Working on a new print in the lithography lab for an artist’s book I’ve made as part of my MA graduation project on the history of the idea of progress and the Struve Geodetic Arc. Lithography is a hugely labour-intensive, complex, and thoroughly exhausting process, but it’s beautifully direct, surprising and incredibly joyful.
First etch of the test stone with gum arabic and nitric acid
Plan for the final print
Painting the background layer with a water/tusche wash. The tusche gets a first etch with gum and nitric acid before being swapped out for a basic printing ink. The stone, with the printing ink, is etched for a second time before the basic ink is washed out and exchanged for the final printing ink.
Printing the background wash in a light grey
The printed background (layer 1)
The overlay – drawn directly on the stone with a 9B graphite pencil – it represents 3 different series of survey measurements in northern Finland, from those of Maupertius in the 17th century to those of the Struve Geodetic Arc in the 19th century to those made by the Finnish Geodetic Institute in the 20th century. Here, I’m about to rub out the pencil and prepare the stone for the basic printing ink, also called roll-up ink.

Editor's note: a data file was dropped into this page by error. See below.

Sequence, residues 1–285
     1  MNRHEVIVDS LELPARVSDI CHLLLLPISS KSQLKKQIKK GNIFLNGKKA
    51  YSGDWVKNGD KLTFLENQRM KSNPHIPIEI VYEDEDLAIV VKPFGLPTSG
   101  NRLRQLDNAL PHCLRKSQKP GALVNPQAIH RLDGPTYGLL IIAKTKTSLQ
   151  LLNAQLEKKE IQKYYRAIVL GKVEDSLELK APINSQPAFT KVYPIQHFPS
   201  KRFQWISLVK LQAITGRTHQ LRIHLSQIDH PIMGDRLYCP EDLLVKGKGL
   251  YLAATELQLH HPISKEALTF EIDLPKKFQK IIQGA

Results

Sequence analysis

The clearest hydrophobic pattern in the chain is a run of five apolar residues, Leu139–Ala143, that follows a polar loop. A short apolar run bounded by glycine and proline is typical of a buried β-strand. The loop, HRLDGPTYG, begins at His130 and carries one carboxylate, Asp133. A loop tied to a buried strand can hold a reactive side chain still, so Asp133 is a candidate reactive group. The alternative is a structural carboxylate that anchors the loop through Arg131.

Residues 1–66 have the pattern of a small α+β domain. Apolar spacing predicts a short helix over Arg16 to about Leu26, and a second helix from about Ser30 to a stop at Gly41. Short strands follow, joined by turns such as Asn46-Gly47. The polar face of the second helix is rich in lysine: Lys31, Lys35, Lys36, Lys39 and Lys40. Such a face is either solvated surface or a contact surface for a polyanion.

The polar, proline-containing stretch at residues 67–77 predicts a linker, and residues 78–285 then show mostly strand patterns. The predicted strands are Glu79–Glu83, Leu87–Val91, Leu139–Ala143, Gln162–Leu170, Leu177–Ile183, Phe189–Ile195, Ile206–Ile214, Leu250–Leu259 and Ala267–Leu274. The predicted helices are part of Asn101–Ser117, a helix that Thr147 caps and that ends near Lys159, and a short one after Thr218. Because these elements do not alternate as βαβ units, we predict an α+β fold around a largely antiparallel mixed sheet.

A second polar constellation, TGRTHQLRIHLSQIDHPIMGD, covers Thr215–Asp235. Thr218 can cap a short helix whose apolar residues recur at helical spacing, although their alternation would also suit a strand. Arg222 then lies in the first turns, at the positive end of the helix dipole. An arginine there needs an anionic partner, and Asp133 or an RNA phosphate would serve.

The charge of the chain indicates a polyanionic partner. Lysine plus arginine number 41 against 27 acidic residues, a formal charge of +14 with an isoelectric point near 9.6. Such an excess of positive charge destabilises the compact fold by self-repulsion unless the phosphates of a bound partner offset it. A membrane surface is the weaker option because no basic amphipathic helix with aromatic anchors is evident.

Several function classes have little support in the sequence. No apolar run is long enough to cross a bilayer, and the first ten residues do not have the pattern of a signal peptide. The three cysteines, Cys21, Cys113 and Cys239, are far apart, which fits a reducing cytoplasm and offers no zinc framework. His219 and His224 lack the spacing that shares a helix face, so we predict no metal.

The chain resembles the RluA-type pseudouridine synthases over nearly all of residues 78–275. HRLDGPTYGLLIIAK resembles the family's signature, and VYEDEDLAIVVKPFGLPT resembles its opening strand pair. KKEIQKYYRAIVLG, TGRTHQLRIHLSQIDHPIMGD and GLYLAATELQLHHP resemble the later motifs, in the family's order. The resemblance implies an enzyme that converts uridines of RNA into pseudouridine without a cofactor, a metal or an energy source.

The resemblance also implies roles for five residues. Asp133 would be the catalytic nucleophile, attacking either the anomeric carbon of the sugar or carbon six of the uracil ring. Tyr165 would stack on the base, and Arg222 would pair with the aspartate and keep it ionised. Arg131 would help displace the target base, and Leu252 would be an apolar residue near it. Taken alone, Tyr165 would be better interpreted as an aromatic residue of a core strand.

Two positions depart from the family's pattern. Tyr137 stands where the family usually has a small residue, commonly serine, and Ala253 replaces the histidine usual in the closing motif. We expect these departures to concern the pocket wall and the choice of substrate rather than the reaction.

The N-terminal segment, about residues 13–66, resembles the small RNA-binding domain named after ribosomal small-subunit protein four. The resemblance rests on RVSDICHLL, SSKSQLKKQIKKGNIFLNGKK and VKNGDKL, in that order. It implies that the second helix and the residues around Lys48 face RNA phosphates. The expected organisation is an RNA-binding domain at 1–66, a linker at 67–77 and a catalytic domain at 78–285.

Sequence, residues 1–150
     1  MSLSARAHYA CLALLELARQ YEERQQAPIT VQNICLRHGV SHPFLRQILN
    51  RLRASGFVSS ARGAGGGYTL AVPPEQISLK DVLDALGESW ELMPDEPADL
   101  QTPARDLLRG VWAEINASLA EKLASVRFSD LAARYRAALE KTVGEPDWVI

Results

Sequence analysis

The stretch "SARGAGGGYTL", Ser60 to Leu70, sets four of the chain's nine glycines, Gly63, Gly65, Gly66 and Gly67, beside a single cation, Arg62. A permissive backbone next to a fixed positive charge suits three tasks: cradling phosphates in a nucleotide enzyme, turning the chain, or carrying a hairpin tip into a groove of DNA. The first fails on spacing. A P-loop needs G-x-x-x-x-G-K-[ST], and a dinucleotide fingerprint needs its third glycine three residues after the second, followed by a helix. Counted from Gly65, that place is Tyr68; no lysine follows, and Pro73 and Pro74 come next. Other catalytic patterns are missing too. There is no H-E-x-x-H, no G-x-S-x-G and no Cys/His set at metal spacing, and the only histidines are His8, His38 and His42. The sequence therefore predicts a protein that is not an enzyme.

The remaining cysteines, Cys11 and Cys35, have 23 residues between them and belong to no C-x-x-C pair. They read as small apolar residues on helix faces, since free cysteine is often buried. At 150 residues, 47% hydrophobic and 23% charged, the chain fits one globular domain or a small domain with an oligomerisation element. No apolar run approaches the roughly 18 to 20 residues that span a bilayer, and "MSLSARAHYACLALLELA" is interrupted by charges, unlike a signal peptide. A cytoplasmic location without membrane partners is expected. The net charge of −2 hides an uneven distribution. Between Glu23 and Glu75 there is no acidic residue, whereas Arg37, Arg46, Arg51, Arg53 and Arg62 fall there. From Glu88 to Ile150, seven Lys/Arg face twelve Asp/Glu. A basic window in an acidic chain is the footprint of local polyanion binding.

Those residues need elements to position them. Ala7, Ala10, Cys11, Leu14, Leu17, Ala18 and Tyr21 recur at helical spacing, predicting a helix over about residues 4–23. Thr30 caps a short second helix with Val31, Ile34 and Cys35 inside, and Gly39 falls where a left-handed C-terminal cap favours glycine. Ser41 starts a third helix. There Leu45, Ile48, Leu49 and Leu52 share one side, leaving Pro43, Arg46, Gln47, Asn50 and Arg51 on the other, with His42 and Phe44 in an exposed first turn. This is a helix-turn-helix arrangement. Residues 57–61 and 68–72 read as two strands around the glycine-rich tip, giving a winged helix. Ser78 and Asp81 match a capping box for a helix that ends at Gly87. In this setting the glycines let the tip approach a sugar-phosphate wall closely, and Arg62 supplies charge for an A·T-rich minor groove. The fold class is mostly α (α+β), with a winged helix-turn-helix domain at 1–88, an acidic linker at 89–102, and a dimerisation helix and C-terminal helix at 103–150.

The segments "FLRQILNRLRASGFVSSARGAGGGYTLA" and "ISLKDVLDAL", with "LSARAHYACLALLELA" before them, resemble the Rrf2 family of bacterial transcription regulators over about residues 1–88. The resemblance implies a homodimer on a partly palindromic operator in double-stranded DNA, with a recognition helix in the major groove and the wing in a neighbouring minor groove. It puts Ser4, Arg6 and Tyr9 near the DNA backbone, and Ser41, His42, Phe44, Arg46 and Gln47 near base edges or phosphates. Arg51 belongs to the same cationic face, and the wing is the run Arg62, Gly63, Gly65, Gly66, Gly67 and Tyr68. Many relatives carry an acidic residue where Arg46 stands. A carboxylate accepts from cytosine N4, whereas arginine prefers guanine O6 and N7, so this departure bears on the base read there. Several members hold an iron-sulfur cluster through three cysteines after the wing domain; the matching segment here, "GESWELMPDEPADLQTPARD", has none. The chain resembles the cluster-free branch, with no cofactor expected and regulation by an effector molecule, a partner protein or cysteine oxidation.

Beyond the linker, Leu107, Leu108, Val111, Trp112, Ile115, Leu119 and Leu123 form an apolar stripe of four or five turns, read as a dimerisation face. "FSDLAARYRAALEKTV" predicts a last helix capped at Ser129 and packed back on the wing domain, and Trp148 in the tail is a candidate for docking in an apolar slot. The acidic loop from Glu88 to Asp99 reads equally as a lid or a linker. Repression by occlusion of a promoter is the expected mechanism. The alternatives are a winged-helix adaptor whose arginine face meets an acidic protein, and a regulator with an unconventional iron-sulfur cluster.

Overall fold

The first two overlays printed in yellow and then cyan (layers 2 and 3)
Mixing and rolling out a magenta ink for the final layer
Printing the forth and final overlay
The print just off the press
The finished print, in an edition of 11